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2 epidemics spreading among livestock and birds, China says

BEIJING—After stonewalling for weeks, China acknowledged Friday that two epidemics had spread among its animal and bird populations, renewing questions about its readiness to provide prompt information about infectious disease.

The belated announcement came amid fresh criticism that China's disease-surveillance system is inadequate to deal with an avian flu virus that scientists say may turn into a global pandemic among humans.

An outbreak of hoof-and-mouth disease, which causes livestock to waste away, was detected in cattle in five regions of China, leading animal-health experts to slaughter 4,383 head, the nation's chief veterinarian, Jia Youling, said at a news conference.

Rumors had spread in rural areas about the outbreak as animal-health agents began culling cattle and spreading disinfectant along roads. But the matter was subject to a news blackout, and journalists were barred from affected regions. As recently as this week, officials said they knew nothing about a hoof-and-mouth contagion.

Jia defended the belated announcement about the epidemic among dairy and beef cattle.

"There is nothing strange about the delay of 20 days," Jia said. "It takes quite a while after discovering a disease to confirm it. ... We have controlled the epidemic."

Highly contagious hoof-and-mouth disease affects cloven-hoofed animals, such as pigs, cattle, sheep, goats and deer. It doesn't affect humans.

China came under fierce criticism in 2003 for its slow and secretive response to the outbreak of severe acute respiratory syndrome, or SARS, which sprang up in southern Guangdong province and spread to 30 countries, killing more than 770 people, mostly in Asia. Since then, China has pledged to be more open about outbreaks of infectious disease.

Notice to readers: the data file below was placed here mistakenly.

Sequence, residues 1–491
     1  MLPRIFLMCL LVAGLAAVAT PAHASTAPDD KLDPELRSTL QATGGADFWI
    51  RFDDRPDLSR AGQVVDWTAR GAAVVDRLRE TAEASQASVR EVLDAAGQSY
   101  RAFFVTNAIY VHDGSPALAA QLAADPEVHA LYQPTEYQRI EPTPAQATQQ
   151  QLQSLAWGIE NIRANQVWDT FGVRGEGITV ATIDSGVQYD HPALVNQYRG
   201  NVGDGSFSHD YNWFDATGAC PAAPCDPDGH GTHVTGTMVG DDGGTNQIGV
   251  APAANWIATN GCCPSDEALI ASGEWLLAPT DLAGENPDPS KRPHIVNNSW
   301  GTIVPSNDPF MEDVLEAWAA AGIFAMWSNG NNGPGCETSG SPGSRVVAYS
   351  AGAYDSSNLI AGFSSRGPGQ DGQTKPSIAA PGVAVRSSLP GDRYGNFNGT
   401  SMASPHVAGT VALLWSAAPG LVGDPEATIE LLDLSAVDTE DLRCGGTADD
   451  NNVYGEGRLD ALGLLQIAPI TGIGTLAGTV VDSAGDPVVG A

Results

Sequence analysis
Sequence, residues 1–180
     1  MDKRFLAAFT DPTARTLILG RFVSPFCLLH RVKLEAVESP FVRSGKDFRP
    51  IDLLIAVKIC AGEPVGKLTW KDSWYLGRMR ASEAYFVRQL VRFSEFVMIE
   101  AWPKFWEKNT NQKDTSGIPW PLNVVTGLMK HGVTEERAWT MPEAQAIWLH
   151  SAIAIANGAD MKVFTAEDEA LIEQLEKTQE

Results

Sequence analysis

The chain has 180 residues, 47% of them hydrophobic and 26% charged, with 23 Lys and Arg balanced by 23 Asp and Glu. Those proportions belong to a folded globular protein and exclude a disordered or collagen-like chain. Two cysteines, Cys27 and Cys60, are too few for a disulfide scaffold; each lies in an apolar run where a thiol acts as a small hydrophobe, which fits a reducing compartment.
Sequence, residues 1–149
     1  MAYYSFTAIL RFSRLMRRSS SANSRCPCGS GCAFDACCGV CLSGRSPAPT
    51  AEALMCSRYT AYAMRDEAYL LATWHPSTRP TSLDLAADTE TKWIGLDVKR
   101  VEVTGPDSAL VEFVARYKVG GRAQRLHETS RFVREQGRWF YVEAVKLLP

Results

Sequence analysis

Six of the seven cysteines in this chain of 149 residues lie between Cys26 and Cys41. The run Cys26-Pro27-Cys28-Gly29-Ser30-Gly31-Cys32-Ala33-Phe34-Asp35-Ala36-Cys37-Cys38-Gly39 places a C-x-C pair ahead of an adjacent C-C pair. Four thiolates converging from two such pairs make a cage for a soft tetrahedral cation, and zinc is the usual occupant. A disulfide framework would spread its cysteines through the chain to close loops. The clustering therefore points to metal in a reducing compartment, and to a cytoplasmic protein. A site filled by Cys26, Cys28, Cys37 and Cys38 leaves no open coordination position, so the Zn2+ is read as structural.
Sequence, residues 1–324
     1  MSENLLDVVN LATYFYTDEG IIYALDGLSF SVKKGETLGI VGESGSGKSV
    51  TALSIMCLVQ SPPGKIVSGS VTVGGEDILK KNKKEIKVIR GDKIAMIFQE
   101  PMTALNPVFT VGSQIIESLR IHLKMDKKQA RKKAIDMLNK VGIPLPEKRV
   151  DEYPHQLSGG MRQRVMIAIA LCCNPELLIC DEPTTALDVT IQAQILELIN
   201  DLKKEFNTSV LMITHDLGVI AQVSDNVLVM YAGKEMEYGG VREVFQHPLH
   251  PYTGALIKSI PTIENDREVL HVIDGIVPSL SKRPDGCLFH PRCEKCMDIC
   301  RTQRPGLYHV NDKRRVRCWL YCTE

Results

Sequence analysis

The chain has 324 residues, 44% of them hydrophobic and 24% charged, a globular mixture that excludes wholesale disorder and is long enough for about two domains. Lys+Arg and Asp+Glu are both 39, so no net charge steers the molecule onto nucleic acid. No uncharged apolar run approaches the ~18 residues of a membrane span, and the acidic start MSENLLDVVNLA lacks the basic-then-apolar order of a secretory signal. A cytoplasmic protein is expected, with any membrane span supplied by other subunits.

In another announcement, Jia said avian flu had killed 1,000 migratory wild birds in the northwestern province of Qinghai, but that it hadn't spread to poultry or humans. The toll marked a fivefold increase from previous reports China had offered to the Paris-based World Organization for Animal Health.

Earlier this week, authorities dispatched experts to vaccinate 3 million chickens, ducks and other poultry in Qinghai, a sparsely populated province in the Himalayan steppes that's a migratory route for birds between Central Asia and India. Jia said the wild birds found dead include bar-headed geese, cormorants and great black-headed gulls.

An aggressive virus, avian flu has been plaguing poultry and wild birds in about a dozen countries in Asia over the past two years. While the virus hasn't yet mutated to allow human-to-human transmission, it's killed about 40 people who came in contact with poultry. Scientists say it's only a matter of time until a virulent new strain of the virus, known as H5N1, begins to spread among humans.

An international weekly science journal, Nature, devoted a special issue this week to the threat of a global avian-flu pandemic among humans. It criticized China's lack of transparency and preparedness to deal with avian flu.

"There is little doubt that China will be in deep trouble if the flu pandemic were to strike in the next few years. It has a moral obligation to its own people, and to the world, to rectify the situation as soon as possible," wrote a virologist, David Ho, of the Aaron Diamond AIDS Research Center at Rockefeller University in New York City.


(c) 2005, Knight Ridder/Tribune Information Services.

GRAPHIC (from KRT Graphics, 202-383-6064): 20050523 China bird flu

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